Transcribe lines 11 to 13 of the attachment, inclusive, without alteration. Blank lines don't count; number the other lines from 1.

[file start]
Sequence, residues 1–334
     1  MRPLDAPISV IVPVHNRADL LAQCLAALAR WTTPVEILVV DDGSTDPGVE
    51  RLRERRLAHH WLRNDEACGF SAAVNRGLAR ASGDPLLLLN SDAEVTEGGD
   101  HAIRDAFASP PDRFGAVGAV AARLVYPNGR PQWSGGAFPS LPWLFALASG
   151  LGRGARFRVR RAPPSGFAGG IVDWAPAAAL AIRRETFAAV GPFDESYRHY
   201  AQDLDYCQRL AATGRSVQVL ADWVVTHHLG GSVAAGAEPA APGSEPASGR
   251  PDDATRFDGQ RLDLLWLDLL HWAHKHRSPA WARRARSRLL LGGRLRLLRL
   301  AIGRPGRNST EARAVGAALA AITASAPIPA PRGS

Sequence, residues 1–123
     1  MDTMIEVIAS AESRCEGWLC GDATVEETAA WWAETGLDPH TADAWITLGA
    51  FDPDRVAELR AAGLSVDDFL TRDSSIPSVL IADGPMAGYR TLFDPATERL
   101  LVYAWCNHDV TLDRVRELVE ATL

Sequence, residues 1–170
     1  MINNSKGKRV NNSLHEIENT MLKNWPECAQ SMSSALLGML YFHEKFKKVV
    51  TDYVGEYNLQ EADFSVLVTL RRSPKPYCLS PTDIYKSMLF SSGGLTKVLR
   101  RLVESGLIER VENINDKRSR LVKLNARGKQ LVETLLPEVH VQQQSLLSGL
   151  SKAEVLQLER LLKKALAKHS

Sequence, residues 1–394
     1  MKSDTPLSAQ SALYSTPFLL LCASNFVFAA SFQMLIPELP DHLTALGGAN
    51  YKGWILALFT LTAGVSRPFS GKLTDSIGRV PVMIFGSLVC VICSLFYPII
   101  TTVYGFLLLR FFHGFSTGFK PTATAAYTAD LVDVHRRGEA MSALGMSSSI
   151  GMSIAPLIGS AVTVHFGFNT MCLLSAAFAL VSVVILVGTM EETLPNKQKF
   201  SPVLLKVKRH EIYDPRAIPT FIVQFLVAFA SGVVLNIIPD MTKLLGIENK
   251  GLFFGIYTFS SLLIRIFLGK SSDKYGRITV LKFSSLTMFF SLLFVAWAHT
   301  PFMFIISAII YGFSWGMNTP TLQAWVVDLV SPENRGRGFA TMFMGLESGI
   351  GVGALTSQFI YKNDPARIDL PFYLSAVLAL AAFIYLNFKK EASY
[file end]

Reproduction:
    51  FDPDRVAELR AAGLSVDDFL TRDSSIPSVL IADGPMAGYR TLFDPATERL
   101  LVYAWCNHDV TLDRVRELVE ATL

Sequence, residues 1–170